The Newport Rising


The Chartists were divided over how best to achieve the passing into law of the six points of The People's Charter. Some, such as William Lovett and other members of the London Working Men's Association, advocated the use of education and 'moral force' to achieve Parliamentary reform. Others, however, believed that 'physical force', to varying degrees, might be necessary. The most infamous event in the history of Chartism was the Newport Rising, which took place in Newport in Wales on 4th November 1839.

A number of factors meant that both the Chartists and working classes in south Wales were particularly discontented at this time. The popular Chartist speaker and publisher of The Western Vindicator, Henry Vincent, had been arrested in May 1838 for making inflammatory speeches, and sentenced to 12 months in gaol. In addition, the Chartist petition that was presented to Parliament was rejected. Furthermore, many of the people of south Wales were living in poverty and the industrial areas had become the focus for a huge amount of public anger. In an attempt to avoid a revolt, the local Newport Chartist John Frost made speeches discouraging violence, but he did agree to join a protest march on Newport.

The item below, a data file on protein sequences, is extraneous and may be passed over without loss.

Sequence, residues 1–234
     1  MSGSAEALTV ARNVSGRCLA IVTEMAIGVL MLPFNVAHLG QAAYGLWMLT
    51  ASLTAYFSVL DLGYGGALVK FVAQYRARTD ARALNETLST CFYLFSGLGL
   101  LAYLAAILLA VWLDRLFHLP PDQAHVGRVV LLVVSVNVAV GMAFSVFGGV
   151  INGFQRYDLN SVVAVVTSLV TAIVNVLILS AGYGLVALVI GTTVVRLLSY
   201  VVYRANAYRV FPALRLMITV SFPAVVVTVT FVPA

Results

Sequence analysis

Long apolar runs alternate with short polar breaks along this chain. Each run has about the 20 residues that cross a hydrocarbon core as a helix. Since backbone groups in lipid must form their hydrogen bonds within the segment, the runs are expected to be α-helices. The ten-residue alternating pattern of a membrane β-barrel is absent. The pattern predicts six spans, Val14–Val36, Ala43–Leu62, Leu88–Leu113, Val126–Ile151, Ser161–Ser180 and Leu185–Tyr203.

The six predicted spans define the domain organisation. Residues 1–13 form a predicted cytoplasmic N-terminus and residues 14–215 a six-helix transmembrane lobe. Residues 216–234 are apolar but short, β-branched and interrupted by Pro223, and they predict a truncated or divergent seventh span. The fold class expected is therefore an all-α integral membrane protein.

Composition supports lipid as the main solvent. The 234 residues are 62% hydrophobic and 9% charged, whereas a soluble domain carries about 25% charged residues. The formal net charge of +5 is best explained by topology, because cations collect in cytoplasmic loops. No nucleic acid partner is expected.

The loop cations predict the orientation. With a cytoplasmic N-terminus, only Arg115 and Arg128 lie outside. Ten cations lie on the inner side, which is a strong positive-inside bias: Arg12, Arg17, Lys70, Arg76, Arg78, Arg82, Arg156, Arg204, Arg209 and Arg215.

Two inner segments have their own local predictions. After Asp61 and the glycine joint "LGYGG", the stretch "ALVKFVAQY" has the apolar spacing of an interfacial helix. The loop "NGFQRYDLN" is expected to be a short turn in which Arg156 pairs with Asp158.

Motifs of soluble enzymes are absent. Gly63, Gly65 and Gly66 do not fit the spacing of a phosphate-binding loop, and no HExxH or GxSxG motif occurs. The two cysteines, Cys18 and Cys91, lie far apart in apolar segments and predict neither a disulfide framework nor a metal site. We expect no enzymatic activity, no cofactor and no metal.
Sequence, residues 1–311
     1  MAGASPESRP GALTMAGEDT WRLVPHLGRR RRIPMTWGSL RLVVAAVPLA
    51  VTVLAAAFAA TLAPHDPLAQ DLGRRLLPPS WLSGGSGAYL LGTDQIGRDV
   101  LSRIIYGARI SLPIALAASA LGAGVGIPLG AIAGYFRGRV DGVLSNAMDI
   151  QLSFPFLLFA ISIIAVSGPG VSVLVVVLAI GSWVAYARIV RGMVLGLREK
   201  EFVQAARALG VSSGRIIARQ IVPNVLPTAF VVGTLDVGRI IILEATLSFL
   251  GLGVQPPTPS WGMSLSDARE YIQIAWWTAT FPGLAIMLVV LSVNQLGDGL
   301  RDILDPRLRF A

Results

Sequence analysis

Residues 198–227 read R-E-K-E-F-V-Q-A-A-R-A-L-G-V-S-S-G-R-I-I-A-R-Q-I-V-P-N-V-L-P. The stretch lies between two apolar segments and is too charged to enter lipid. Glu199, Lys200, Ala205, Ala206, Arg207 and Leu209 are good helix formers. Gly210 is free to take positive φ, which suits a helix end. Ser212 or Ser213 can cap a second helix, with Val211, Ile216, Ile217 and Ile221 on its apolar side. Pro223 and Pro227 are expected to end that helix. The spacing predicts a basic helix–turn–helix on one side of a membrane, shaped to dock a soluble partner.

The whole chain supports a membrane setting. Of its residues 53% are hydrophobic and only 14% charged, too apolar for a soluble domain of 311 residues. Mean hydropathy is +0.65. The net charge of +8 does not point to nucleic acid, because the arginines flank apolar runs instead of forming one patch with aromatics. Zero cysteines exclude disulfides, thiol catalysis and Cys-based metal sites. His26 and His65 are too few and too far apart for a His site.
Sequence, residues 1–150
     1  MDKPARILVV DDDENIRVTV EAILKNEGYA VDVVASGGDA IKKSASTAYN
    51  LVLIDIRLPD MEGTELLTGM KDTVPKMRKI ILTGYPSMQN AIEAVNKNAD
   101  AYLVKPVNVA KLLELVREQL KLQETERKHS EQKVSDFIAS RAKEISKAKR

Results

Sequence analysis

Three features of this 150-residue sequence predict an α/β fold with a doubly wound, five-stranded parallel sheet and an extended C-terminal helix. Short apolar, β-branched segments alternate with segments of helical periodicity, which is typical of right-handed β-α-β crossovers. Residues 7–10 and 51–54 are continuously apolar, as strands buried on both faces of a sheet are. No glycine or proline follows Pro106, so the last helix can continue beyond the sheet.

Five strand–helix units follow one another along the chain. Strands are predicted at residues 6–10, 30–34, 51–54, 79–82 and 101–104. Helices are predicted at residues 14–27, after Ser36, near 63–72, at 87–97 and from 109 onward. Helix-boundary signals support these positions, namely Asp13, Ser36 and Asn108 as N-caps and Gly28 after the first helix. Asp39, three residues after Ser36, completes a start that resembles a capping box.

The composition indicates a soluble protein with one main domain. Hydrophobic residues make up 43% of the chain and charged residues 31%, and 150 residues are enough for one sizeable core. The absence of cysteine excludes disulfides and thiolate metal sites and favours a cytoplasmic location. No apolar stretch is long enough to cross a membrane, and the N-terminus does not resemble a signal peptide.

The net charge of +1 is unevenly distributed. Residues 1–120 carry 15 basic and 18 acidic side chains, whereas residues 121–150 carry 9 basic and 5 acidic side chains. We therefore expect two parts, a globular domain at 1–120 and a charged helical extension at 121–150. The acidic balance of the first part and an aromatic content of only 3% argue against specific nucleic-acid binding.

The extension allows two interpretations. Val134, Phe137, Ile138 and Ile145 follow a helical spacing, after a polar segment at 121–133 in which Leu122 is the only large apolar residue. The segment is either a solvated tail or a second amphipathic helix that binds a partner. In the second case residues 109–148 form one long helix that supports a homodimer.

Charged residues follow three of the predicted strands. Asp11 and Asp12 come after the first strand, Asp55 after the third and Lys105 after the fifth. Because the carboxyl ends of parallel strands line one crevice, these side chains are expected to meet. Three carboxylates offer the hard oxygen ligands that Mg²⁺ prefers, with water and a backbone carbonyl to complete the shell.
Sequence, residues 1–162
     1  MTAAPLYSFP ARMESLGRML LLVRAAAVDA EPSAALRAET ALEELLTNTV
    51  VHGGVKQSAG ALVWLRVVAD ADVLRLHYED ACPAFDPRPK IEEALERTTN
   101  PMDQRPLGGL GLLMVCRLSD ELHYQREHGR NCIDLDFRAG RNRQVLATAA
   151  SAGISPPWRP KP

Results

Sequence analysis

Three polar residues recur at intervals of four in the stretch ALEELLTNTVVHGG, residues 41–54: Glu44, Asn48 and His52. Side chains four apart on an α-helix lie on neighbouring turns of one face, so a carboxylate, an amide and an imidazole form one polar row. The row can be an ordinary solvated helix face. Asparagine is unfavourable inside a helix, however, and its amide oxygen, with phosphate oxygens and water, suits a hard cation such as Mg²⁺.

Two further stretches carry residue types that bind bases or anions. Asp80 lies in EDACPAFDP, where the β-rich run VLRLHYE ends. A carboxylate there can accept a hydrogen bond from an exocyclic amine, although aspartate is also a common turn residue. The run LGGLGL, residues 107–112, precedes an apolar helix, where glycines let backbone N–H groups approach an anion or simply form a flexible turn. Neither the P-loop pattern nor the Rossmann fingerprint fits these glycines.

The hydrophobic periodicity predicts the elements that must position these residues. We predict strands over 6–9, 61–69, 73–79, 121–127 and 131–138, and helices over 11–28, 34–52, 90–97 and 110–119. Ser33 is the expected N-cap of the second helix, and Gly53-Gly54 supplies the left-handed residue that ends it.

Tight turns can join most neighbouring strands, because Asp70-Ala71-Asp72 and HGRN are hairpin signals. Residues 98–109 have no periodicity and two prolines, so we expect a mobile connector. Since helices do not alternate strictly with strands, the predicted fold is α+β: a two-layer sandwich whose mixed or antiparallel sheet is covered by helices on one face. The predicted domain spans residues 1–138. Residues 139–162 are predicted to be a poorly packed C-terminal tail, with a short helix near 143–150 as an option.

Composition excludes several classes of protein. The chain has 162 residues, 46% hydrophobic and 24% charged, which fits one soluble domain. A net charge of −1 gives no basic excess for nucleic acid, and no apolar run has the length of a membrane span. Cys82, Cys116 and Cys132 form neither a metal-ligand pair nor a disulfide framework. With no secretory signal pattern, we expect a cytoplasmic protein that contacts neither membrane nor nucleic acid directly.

The exact purpose of the march remains unclear. This newspaper article suggests that the marchers' intention was to seize 'the whole of South Wales to erect a Chartist kingdom', but it is unlikely that this was the march's real objective. The marchers had planned to travel in three groups and meet at a location outside of Newport before marching together, but there were delays and this had given the town's authorities time to prepare. The Chartists grouped outside the Westgate Hotel, but when they tried to enter, soldiers were lying in wait and fired shots, killing 22 marchers and wounding many more. The remaining Chartists then retreated. The leading Chartists present, including John Frost, were sentenced to be hung, drawn and quartered, but after protests from all over the country, the sentence was reduced to transportation.

This newspaper article, published a few days after the uprising, describes the events as they happened. It is clearly written from a strong anti-Chartist perspective, referring to them as 'deluded men' and praising the military for their 'cool and determined conduct'.

Taken from: The Ipswich Journal
Date: Saturday, November 9, 1839
Copyright: By permission of the British Library Board
Shelfmark: Newspaper Archive, Colindale